Neil McLeod: Why Palme d’Or winner Ken Loach won't get the fanfare in the UK he deserves

Writer Neil McLeod says 'I, Daniel Blake' director Ken Loach's work reflects a reality in Britain that makes the elite uncomfortable

A BUNCH of foreigners acclaiming a film by a veteran socialist director that shines a light on the harsh reality of those dependant on the benefits system in austerity Britain is the stuff of David Cameron’s nightmares, so that’s probably why it’s unlikely that the notable success of Ken Loach lifting the Palme d’Or at Cannes for 'I, Daniel Blake' will receive the level of effusive congratulatory patriotic tub thumping from the government that would usually ensue from an undoubted internationa success.

The UK film industry and the political establishment would prefer if it had been another seemingly innocuous costume drama or period piece in the vein of Downton Abbey, reflecting a cosy forelock-tugging past when everyone knew their place, were effortlessly witty and polite, only sexually assaulted the servants when they asked for it, and when the lower classes were actually hardworking and had a job they were jolly well grateful to receive a pittance for.

There are those who dismiss Loach as a 'propagandist', with an article by Michael Henderson in the Spectator on the release of his previous film, Jimmy’s Hall, in 2014 arguing he hadn’t made a decent film since Kes and that "he’s so keen to parade the virtue of those he feels have been robbed of a voice that his work sinks under the weight".

Read more – Fraser Stewart: What my job in a UK job centre told me about today's benefits system

Unsurprisingly, it’s the cheerleaders for austerity in the Daily Mail and the Murdoch media, those who propagate the clichés of the workshy, scroungers and the undeserving poor, that patronisingly dismiss portrayals like Loach’s as naïve or unrespresentative; "If only it were that simple," they tut dismissively. 

But actually, in my experience of 20 years in the welfare rights sector, it is that simple - if something that revolves around surviving an unwieldy, Kafkaesque system of bureaucracy designed to dispirit and dehumanise can be described as 'simple'.

The central premise of 'I, Daniel Blake' - that the eponymous character is found to be fit for work following a debilitating heart attack, but then deemed not fit enough to look for appropriate work and claim Jobseeker’s Allowance (JSA) - is no anomaly, but a very typical problem.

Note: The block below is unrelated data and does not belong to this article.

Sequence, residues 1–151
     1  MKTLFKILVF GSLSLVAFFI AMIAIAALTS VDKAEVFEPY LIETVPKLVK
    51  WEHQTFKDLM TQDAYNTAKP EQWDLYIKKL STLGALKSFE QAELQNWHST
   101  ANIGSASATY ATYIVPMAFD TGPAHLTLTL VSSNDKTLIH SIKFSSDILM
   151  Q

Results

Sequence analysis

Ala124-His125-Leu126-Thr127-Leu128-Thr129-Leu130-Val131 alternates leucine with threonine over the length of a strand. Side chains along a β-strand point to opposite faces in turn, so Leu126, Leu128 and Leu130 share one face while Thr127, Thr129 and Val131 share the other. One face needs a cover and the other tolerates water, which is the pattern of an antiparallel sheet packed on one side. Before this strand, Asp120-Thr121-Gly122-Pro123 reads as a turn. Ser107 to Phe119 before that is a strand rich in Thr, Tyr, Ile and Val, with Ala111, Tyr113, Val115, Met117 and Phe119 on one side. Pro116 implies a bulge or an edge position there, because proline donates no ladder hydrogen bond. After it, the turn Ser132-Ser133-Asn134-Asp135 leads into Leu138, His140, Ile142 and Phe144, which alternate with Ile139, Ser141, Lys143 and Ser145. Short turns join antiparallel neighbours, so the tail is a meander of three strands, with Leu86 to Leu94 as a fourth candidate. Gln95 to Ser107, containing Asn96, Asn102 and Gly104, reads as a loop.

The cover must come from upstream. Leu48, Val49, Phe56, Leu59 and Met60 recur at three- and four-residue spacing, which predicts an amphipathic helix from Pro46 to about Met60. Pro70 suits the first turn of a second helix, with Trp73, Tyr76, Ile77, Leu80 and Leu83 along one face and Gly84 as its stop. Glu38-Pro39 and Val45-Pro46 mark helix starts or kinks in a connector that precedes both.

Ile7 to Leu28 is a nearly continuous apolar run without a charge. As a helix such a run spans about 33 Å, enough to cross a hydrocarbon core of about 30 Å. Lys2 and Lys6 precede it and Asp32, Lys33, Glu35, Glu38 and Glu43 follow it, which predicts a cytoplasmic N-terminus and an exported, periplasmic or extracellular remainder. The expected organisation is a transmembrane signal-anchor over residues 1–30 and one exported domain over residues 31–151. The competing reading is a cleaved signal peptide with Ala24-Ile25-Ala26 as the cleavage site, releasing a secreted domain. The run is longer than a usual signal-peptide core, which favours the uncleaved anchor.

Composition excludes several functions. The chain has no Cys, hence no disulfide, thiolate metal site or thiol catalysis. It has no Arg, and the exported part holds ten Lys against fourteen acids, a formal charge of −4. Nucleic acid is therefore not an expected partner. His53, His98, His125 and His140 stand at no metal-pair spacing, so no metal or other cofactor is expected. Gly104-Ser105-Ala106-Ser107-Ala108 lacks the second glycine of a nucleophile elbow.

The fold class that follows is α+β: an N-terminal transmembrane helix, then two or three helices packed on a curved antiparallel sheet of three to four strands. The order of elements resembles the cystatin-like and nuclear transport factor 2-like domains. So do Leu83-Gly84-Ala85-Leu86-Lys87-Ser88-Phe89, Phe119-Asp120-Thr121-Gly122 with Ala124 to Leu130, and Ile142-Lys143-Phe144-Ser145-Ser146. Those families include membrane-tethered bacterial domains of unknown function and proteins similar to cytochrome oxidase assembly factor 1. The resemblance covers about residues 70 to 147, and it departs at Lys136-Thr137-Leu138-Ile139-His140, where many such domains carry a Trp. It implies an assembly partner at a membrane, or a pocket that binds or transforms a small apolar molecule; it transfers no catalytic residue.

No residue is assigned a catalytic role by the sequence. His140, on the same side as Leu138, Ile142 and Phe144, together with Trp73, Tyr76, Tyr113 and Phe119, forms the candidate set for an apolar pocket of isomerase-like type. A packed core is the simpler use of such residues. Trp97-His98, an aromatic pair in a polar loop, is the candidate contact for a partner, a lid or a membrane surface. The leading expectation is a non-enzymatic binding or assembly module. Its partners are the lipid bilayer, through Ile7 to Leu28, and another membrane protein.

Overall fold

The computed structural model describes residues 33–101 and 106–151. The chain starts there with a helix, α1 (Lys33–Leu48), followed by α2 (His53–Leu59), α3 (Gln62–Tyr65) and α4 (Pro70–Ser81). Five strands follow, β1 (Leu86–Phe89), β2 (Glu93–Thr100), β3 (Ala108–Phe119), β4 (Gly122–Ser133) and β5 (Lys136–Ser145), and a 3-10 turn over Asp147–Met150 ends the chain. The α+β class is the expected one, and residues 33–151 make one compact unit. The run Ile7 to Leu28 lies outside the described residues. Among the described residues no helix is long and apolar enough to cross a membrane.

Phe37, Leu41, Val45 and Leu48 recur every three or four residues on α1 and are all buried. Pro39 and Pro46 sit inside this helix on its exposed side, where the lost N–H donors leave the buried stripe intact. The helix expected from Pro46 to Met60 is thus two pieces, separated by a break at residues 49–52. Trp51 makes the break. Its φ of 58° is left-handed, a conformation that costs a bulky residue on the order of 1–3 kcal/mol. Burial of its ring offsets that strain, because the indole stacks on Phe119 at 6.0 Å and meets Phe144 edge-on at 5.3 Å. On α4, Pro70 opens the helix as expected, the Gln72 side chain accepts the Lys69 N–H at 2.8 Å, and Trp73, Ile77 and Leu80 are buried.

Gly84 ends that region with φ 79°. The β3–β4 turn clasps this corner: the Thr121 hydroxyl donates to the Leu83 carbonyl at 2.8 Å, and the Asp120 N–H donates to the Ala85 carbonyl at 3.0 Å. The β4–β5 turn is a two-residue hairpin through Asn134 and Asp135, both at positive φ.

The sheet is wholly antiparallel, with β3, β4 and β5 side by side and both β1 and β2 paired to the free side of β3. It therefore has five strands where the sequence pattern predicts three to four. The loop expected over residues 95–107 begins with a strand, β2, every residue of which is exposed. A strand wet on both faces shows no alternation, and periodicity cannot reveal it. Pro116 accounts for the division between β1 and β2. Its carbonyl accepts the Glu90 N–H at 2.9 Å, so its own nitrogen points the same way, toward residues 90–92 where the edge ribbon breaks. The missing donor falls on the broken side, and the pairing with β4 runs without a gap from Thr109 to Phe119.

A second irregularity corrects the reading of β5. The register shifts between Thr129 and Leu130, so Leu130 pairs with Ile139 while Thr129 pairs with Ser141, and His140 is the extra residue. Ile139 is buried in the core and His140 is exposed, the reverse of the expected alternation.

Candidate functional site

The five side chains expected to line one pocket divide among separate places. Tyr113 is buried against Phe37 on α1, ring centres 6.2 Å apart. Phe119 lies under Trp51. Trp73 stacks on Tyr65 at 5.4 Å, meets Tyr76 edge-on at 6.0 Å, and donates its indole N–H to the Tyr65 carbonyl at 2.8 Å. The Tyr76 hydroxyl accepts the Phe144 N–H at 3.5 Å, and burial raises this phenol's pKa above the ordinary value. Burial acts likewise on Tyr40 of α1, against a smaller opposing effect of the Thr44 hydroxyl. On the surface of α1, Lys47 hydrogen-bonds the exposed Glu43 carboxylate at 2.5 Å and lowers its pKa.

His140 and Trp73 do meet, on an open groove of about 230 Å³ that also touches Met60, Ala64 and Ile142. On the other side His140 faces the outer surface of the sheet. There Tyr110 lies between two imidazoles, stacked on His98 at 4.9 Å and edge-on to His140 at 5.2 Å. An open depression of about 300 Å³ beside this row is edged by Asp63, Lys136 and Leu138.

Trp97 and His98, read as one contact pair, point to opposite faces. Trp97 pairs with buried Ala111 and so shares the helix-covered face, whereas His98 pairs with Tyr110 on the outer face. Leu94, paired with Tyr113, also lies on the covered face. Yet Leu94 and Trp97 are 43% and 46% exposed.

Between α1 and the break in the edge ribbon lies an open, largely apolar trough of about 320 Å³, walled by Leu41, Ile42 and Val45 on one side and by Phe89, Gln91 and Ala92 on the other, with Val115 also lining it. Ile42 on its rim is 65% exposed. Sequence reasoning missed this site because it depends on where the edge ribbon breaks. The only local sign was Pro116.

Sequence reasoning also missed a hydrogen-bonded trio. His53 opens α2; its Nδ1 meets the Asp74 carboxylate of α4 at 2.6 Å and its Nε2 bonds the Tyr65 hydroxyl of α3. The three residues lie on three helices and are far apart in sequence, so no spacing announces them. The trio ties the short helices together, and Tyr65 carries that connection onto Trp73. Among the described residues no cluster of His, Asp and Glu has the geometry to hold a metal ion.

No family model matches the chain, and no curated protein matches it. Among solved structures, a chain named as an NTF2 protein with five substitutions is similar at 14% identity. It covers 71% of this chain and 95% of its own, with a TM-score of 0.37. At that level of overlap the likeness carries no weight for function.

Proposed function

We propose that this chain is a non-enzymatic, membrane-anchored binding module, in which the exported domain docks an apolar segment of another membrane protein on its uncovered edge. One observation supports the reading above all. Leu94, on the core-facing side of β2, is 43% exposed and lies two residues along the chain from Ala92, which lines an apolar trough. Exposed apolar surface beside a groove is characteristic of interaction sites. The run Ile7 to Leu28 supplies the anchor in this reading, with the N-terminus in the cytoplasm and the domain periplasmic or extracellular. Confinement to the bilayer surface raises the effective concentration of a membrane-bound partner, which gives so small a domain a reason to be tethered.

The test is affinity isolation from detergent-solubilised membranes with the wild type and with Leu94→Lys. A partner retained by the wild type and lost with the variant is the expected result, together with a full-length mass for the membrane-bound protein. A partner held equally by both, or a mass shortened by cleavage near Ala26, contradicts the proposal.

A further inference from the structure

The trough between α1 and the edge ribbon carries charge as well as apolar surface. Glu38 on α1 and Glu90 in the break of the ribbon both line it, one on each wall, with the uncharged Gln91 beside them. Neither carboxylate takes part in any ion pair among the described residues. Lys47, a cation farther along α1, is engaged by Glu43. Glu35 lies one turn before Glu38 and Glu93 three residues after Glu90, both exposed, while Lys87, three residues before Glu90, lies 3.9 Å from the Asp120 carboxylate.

I personally would meet at least half a dozen people in this predicament every week over the last few years working in welfare rights in the north-east of Glasgow: lost in the system; fit for work, judged by the increasingly narrow and ruthless criteria imposed; sanctioned for failing to look for enough jobs. 

The only people we ever used to see sanctioned and denied JSA were those who failed to apply for a job or go to a job interview, but now this happens at the drop of a hat, for totally arbitrary reasons, and whistleblowers at the DWP have claimed they have quotas to meet for denying benefits.

The feckless wasters beloved of the tabloids, the rightwing broadsheets and poverty porn like Benefits Street, exist, but they are the exception, not the rule. The rule is folk who have worked for three decades and suffer ill health but are deemed fit for work and then sanctioned from JSA because they’re not actually fit to do any of the jobs available in the real world. 

They're trapped in a seemingly inescapable system that drives the physically unfit into mental health problems, and those already mentally ill to a state of suicidal
despair. They have a human face and each has a unique, but sadly familiar, story. 

I sat next to them through countless benefit appeal tribunals and heard those stories as claimants persuaded judges earning £1,000 a day to allow them less than £100 per week. This is the frontline of the battle of inequality.

I personally would meet at least half a dozen people in this predicament every week over the last few years working in welfare rights in the north-east of Glasgow: lost in the system; fit for work, judged by the increasingly narrow and ruthless criteria imposed; sanctioned for failing to look for enough jobs.